When you decide to relocate, the question that immediately pops up is what to do with your old house. Will you sell it, and if not, how to rent out your home? As a landlord, there are certain things that you should know how to do properly to avoid any complications and troubles with prospective tenants.
How to Rent Your Home and Why People Do It?
The reasons why people opt for renting out their real estate after moving out of it may be numerous. Maybe they don’t want to sell it because of sentimental value (inherited estate, for example) or because they see it as an investment property and a chance to boost their income. Or they want to sell, but the market isn’t favorable at the moment.
Whatever your reasons to move and to become a landlord, the first thing to do is make sure you go through all the relevant laws that regulate house rental. Many regulations are in place to protect your rights as well as the rights of your tenants. One of the most significant of those is The Fair Housing Act.
Since renting out a house is a business, there are also many financial and managing details that need to be worked out. You can do it by yourself, though it is recommended to hire a company to do it for you. Professionals can handle all day-to-day activities concerning collecting rent from your tenant and handling repairs.
In case you don’t want to move out of your home completely, you may want to put up only one room for rent. Splitting the mortgage with a roommate may be a good thing for your finances. Still, there have to be strict rules and even a lease agreement in place. Roommate websites are an excellent place to find potential roomie, and to make sure you’re compatible.
Prepare a House to Build Up Its Value
Before putting a home up for rental, there are certain things to do before the tenants move in. Property should be cleaned, first and foremost, so take some time to do it. It would be best if you also took detailed pictures of the entire property. That way, you’ll have irrefutable proof that your sofa wasn’t damaged, or that the wall was squeaky clean when the tenant first entered the house.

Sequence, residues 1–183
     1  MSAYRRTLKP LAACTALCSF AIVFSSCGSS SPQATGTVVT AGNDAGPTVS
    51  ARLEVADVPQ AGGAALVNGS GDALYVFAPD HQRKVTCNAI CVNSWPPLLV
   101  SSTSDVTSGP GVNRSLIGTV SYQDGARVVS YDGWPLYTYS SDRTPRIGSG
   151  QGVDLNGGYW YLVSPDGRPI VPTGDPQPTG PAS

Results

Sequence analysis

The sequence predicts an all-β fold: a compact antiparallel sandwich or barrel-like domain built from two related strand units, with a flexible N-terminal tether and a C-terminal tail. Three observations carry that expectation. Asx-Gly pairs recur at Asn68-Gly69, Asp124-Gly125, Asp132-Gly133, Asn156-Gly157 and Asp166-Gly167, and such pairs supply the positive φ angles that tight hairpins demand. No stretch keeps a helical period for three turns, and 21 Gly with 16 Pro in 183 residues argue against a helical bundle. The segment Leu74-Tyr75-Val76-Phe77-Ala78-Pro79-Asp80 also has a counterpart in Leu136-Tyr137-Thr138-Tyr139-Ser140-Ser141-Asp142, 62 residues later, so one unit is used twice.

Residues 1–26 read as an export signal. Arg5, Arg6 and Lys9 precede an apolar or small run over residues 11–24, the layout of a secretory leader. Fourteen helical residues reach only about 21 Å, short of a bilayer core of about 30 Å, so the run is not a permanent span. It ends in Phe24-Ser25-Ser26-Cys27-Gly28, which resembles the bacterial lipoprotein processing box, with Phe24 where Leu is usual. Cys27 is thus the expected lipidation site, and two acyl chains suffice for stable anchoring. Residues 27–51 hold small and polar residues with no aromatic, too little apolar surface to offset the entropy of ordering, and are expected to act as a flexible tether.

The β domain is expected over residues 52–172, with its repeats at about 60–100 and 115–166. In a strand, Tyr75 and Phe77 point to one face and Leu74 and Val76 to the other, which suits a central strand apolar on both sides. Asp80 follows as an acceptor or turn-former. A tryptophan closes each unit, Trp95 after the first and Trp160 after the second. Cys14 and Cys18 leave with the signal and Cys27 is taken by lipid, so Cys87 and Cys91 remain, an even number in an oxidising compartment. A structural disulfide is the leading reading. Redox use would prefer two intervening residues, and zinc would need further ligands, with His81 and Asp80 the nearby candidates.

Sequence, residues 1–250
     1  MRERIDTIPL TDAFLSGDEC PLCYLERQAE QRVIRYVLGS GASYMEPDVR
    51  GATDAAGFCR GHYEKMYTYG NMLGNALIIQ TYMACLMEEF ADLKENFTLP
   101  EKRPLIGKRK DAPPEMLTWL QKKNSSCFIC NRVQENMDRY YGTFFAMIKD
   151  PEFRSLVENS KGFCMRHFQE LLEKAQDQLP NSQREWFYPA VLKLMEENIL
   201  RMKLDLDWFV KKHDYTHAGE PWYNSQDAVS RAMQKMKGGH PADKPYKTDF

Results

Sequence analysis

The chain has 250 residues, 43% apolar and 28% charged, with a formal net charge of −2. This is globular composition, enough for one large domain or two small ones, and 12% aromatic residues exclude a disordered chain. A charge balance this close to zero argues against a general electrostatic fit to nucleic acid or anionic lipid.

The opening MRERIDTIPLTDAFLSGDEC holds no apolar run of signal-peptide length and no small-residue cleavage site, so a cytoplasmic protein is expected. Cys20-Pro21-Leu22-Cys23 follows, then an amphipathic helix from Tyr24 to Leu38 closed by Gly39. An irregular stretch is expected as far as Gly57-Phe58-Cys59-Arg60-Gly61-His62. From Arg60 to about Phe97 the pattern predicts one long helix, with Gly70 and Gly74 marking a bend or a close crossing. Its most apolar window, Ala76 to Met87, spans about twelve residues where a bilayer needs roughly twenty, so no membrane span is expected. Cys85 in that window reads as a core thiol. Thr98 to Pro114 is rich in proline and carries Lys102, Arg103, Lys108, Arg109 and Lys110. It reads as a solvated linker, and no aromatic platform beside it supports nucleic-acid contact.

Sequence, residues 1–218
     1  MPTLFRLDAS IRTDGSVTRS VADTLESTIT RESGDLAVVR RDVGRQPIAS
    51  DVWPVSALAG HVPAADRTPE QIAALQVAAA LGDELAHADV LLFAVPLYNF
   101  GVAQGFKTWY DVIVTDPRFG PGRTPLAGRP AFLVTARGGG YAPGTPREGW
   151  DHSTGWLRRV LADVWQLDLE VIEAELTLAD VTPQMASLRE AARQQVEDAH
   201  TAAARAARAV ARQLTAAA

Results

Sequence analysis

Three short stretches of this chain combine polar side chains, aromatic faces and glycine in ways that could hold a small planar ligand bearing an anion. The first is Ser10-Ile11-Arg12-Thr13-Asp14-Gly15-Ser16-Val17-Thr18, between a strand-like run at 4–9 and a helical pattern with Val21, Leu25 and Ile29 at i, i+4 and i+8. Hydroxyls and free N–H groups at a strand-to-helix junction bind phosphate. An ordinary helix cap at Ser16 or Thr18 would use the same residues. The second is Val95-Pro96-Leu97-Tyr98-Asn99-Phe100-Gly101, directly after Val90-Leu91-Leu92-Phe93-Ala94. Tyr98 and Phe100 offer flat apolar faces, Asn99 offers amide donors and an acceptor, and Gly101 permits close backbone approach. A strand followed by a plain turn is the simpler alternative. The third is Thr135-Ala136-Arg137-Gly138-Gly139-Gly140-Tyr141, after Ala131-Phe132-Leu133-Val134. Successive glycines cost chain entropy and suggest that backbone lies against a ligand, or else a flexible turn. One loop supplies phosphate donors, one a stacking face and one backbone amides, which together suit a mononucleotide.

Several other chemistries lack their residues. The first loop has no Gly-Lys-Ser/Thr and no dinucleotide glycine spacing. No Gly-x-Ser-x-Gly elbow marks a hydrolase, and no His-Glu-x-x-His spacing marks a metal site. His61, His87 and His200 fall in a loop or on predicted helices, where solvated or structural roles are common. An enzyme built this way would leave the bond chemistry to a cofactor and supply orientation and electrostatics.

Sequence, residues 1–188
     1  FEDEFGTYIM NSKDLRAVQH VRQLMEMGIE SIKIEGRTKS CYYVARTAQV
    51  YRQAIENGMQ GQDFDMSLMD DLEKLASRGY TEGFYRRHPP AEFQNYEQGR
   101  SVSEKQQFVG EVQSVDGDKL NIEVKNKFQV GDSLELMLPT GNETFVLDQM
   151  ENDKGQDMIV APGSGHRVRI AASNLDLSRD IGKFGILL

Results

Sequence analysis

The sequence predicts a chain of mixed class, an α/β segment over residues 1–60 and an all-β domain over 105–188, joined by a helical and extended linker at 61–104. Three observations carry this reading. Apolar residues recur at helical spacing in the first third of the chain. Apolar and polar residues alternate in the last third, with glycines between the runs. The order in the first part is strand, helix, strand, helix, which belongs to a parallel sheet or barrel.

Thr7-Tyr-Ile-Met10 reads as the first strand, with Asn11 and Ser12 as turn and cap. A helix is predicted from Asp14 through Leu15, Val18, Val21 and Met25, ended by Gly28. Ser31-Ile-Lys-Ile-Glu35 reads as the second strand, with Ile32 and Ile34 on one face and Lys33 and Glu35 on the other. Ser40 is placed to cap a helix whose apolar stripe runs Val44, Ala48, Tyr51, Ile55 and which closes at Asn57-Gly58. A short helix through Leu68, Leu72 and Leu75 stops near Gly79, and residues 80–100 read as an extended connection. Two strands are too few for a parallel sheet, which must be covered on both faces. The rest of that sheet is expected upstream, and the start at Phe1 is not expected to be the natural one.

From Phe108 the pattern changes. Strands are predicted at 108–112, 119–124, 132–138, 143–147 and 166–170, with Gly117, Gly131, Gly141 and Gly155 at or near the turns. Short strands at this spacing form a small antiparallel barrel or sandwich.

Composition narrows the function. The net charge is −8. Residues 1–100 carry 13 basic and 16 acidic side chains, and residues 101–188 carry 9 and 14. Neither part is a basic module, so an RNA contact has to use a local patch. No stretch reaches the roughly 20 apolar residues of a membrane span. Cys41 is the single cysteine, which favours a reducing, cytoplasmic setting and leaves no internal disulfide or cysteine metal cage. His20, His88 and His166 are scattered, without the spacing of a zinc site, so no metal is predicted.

How to Rent out Your Home and Protect Valuable Things
When you become a landlord and put your real estate up for rental, you’ll have to get an insurance policy for the property. The most common of those, home rental or fire insurance, will cover the building structure, legal and medical expenses, and the loss of income. It won’t cover the renters’ belongings, so they should buy a policy for themselves.
Also, some of the more valuable things should get separate insurance, since damage can occur at any time. If you want to secure what you hold dear against anything that renters may lay upon it, consider stashing such things in a storage unit. Storage services should be on your list of requirements when choosing professional moving services.
Protect Your Rights When Renting out a Property
Looking after your interests should be the main reason for doing things by the book when it comes to renting out your real estate. Aside from insurance, you should make sure that the lease agreement for the property is airtight. Whether you choose to hammer it out with the help of professionals or to keep it between you and your tenant, it should always contain certain items. Here are the essential matters you need to address when you lease out a house:
- Duration– are you renting on a short-term basis or is it the more stable annual lease
- Financial matters– the rent, due dates and penalties, security deposit, liability for any damages
- The exact number of tenants who are renting and their names and personal information
- General rules– noise level, behavior, pets
- Terms of eviction
When it comes to eviction, it may be wise to hire an attorney to handle the matter, since it will almost certainly be settled in court.
Learn Everything You Can About Your Prospective Tenants
Renting out your property is a serious matter. You should know who’s renting, since expected income may prove too costly after the bottom line is drawn. So take your time to do a background check of your potential tenants. Ask them for contact information of their previous landlords, and go for at least three of them. Every person who puts his real estate up for rental should be aware of the habits of people he entrusts his livelihood with.
Also, make sure to contact the police as well. If your prospective tenant is a criminal, you may think twice about signing a rental agreement. It is common to let the renter know that you’re checking him. Spend some time getting info on the renters. It’ll pay out big. Recommendation (or lack of one) may speak volumes.
Hire a Professional Advisor
To wrap it up, we have one final piece of advice. You may feel you don’t need it, but hiring a licensed professional advisor to handle matters is a great thing to do. Leaving a pro to take care of financial details, lease agreement, and to make sure that you won’t be letting an arsonist into your property, will leave you more time for more comfortable activities. Why haggle on whose responsibility would be to mow the lawn when you can go fishing, for example. Or take kids to an ice cream shop.
Another advantage of a professional is that he won’t get too emotional with your renters. You, as a landlord, might, though you need that check every month. We’re all humans, after all, but mortgage won’t pay itself.